Hilsencliff Notes: Q1 Worse Than Expected But Taper Stays
In one of his most voracious tomes, The Wall Street Journal's Fed-see-er Jon Hilsenrath prepared 726 words and published them in 5 minutes to explain that the Fed's forecasts for Q1 were dismally wrong, that the future will all be rosy, and their forecasts spot on, and that the Taper is steady..."Fed officials acknowledged the first-quarter slowdown was worse than expected by saying activity "slowed sharply." Previously, they had just said activity merely slowed...Still, officials nodded to signs of a pickup in economic activity in March and April, suggesting they aren't too worried about the winter slowdown."
The Federal Reserve said it would reduce its bond-buying program to $45 billion a month, while pointing to a growth pickup after a bad winter and sticking to previous guidance it has given on the outlook for short-term interest rates.
The steps were widely expected by investors before the meeting and represent a continuation of the monetary-policy strategy laid out by Fed Chairwoman Janet Yellen and former Chairman Ben Bernanke in the past few months.
The Fed's move came after a report earlier Wednesday that showed the U.S. economy barely grew in the first quarter. Fed officials acknowledged the first-quarter slowdown was worse than expected by saying activity "slowed sharply." Previously, they had just said activity merely slowed.
Still, officials nodded to signs of a pickup in economic activity in March and April, suggesting they aren't too worried about the winter slowdown.
"[G]rowth in economic activity has picked up recently, after having slowed sharply during the winter in part because of adverse weather conditions," the statement said.
The Fed said that household spending "appears to be rising more quickly." Recent reports on retail sales and auto sales have been stronger than expected.
But officials saw business fixed investment as having "edged down." Officials repeated their view from March that the "recovery in the housing sector remained slow."
With the move on its bond-buying program, the Fed will shave another $10 billion from its monthly purchases beginning in May. It was the fourth $10 billion reduction to the program since the beginning of the year. The cut will shrink the program to $25 billion in monthly Treasury bonds purchases and $20 billion in monthly mortgage-backed securities purchases.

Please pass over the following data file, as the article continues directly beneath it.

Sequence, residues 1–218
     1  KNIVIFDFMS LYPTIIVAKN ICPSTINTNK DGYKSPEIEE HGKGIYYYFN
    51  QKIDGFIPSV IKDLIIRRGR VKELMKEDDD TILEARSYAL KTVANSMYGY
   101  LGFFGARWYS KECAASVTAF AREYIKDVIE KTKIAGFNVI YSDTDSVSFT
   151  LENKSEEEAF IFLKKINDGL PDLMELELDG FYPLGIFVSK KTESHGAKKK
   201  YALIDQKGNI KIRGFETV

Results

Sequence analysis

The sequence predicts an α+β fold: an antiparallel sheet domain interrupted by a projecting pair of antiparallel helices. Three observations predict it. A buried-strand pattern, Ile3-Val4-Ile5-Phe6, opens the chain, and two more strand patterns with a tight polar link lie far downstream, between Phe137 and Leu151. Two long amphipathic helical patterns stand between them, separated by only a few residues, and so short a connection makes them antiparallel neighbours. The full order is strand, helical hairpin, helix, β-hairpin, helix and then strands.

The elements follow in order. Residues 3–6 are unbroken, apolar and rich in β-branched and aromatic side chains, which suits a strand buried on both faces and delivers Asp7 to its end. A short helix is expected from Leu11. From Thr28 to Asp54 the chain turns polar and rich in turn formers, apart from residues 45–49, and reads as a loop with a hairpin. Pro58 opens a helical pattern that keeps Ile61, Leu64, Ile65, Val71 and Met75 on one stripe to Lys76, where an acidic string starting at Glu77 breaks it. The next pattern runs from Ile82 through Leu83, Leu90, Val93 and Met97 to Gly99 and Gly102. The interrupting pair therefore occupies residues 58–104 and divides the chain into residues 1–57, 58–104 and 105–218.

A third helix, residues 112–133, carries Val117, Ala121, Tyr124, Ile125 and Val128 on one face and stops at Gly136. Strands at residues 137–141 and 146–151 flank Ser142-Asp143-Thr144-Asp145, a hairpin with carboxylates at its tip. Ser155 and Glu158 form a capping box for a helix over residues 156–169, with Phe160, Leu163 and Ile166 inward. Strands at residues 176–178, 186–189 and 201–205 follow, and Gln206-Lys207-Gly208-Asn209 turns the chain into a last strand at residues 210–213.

Officials reiterated that they expect to keep scaling back the program in steady steps, provided the economy continues to evolve as they expect. The program is aimed at holding down long-term borrowing costs in hopes of boosting spending, hiring and growth.
All nine voting members of the policy-making committee supported the changes announced in the statement. Normally, the committee has 12 voting members, but the Fed board of governors currently has three vacancies.
It was the second time this year the Fed has voted unanimously for a policy move. That represents an unusually high degree of consensus for central-bank policy makers who have often been divided in the years since the financial crisis. Ms. Yellen has focused on maintaining consensus since taking over in February.
Presidents of regional Fed banks vote on a rotating basis. This year,Cleveland Fed President Sandra Pianalto, Dallas Fed President Richard Fisher, Philadelphia Fed President Charles Plosser and Minneapolis Fed President Narayana Kocherlakota are voters. Mr. Kocherlakota dissented at the last meeting, but supported the current move. The New York Fed has a permanent vote.
Little else changed in the three-page policy statement released by the Fed's policy-making committee. Officials held steady on the latest configuration of their interest-rate guidance, which they revamped at the Fed's March meeting.
Policy makers said they expect to keep short-term interest rates near zero "for a considerable time" after they stop buying bonds. Short-term rates have been effectively zero since December 2008.
Ms. Yellen suggested in a press conference in March that considerable time could mean six months, but there was no mention of such a time frame in the statement and Ms. Yellen strongly suggested in the same press conference that she didn't feel bound to that length of time.
In judging when to start raising rates, Fed officials will weigh a "wide range" of economic indicators, including labor market, inflation and financial sector measures, the Fed said in its statement.
Before the March changes, Fed officials had said they would keep interest rates frozen at least until the jobless rate falls to 6.5%, provided inflation remained in check. As the unemployment rate closed in on that level, officials felt the need to drop the numerical reference in favor of the less specific, broader guidance. Joblessness was 6.7% in March.
The Commerce Department reported earlier Wednesday that the economy hit a near-stall speed in the first quarter, growing at a rate of just 0.1%. Fed officials are predicting a pickup and saw signs of improvement in March and April.
A report by the Labor Department on Friday on the performance of the job market in April will provide the next big clue on whether their expectations will hold up.
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